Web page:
Comments: Week of September 17, 2012

1. John Heilemann’s profile of loose-lipped Vice-President Joe Biden brought out many valentines to the veep from readers (Joe Biden Isn’t Finished,” September 10). “I like Joe Biden. He’s real. Joe Biden is the last of a breed of great politicians—who makes you love politics,” wrote one commenter at “What this country sorely needs is a few dozen more ‘Joe Biden’ types of politicians on Capitol Hill,” wrote another reader. “In other words, legislators who say what they think, despite the possibility of so-called ‘gaffes.’ ” And to those who suggested that rival Paul Ryan might be a tough debate matchup, the Biden lovers scoffed. “Given a choice between a GOP intellectual ‘giant’ whose knowledge comes from a novel by a Russian crackpot and the economic theories of a minor Austrian philosopher—both of whose messages he has misread—and a foot-in-mouth streetwise guy who has lived his economic theories, I’ll take the latter,” wrote one. “Joe Biden may not have the smarts to be ‘chairman of Mensa,’ but he is a mensch, and that is even more important.” Of course, a few haters weighed in, too. “He has always been a step or twelve behind his whole life. Being thick, or dim, possibly obtuse, seems to sum [up] his world. He is an embarrassment to the USA. He will be roasted by Ryan in their debate, except Joe won’t notice.

2. In 2002 a developmentally disabled boy at a “school of last resort” was electro-shocked 31 times in a single day. This spring, a video of the “treatment” finally surfaced, Jennifer Gonnerman wrote in a story about the school, the Judge Rotenberg Center in Massachusetts; the boy, now 27; and his mother, who brought a lawsuit against the center that was settled earlier this year (31 Shocks Later,” September 10). “New York Magazine gives Andre McCollins the kind of attention and respect he never got when he was at the Judge Rotenberg Center,” wrote Landon Bryce at autism-advocacy site “It’s barbaric plain and simple,” wrote one commenter at “No one listens to these ­mental-illness stories because no one in America cares about the mentally ill,” wrote another. “They’d rather watch American Idol or other brain-rotting and sit on our fat a**es and do nothing. The fact that a few million of the mentally ill are homeless, sick, and incapable, and roam our streets, is proof.” And a former school employee, Greg Miller, wrote in to say that he’d “quit JRC on my own will in protest” and to call for an end to this kind of treatment. “We simply can’t shock autism out of someone!”

3. A blowout everything-you-ever-wanted-to-know kitchen-sink survey of the Jets’ quarterback controversy included Mark Sanchez–Tim Tebow comparisons on everything from metrics for winning percentages to jersey sales to favorite sandwiches to sexual history and sex appeal (Tebow vs. Sanchez,” September 10). But most readers agreed that the real story was the dysfunction of the organization that had brought them in to compete with each other. “The Jets make the Knicks look like a model franchise,” wrote one reader at “The owner is more interested in ‘Page Six’ mentions than wins. The head coach actually isn’t an idiot, but acts like one. Sanchez, meanwhile, who as a rookie took the team to the AFC Championship game, is thrown under the bus by a ‘management team’ that manages for the news cycle, not for winning ball games.”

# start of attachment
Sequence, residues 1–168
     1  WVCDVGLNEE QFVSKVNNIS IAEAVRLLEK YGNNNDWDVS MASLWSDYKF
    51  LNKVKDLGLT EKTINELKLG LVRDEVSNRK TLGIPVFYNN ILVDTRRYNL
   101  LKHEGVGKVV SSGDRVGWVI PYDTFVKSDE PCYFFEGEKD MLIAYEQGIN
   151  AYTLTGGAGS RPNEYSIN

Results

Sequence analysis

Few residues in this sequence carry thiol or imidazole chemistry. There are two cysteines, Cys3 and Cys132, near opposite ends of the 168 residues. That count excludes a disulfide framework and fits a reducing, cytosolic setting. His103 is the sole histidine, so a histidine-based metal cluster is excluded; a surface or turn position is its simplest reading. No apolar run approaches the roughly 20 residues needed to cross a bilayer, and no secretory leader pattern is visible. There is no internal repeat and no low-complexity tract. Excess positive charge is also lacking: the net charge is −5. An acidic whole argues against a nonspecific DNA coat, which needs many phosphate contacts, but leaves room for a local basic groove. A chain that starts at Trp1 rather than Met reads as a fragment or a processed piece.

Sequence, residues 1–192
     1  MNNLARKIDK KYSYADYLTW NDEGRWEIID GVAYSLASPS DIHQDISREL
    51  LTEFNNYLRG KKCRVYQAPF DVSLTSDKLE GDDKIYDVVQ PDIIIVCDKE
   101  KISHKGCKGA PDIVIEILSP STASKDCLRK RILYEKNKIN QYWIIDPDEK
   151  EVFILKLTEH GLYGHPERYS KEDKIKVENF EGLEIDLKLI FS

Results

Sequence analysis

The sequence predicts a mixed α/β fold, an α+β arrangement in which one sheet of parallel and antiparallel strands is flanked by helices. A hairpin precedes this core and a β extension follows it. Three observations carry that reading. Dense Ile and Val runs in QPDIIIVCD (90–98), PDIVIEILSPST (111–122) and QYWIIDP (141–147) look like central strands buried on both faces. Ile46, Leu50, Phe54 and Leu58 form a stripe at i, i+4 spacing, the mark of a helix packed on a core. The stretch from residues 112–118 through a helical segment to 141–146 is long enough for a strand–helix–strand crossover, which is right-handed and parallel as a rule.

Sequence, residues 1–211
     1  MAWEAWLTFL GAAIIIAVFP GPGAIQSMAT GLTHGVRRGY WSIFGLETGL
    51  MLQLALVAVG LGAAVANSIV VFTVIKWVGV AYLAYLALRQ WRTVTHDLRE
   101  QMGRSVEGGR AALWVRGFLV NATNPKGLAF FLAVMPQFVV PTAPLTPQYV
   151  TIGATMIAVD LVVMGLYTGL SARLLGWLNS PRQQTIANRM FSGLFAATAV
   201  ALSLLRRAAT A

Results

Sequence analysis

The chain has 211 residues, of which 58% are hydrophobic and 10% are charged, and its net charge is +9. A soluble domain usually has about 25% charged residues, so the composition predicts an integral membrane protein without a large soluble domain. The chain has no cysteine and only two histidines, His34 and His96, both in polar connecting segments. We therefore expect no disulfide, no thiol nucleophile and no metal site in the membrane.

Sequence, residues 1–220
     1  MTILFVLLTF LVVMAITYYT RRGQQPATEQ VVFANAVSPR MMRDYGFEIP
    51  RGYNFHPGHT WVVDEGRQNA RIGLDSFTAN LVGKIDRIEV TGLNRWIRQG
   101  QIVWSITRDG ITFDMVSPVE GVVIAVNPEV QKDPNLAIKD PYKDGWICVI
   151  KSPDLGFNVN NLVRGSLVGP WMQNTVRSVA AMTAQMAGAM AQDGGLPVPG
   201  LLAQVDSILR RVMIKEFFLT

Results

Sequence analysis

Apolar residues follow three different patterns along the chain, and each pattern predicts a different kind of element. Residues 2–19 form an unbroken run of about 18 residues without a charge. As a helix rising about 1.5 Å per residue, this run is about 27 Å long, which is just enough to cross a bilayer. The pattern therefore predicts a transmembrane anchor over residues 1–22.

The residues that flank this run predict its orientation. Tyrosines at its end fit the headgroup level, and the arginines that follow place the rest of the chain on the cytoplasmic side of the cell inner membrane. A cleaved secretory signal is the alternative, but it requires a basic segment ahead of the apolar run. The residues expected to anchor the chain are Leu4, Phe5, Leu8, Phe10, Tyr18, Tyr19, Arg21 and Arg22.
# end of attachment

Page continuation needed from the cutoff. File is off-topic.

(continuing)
4. Kathryn Schulz’s ambivalent review of Zadie Smith’s new novel, NW, walked right into a running conversation on the web about the purpose, and worthiness, of negative reviews (Hysterical Formalism,” September 10).“Why not simply say you didn’t care for it too much?” asked one reader at “Why are critics so reticent to outwardly criticize her? It’s hard to recall another modern fiction writer who is coddled to this extent … White Teeth was objectively brilliant, but it was published over a decade ago. You are not doing anyone any favors, especially not Ms. Smith or her writing, by telling her how great she is as a writer even when you concede her books don’t pass muster.” Replied another: “Why does a review have to be one-sided to meet your approval? Sometimes people like parts of books and dislike other parts. It’s not actually coddling anyone to say, ‘I liked certain aspects of this text and didn’t care for other parts.’ Maybe you should check out a book-review site that uses a thumbs-up or -down system.

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Comments: Week of September 17, 2012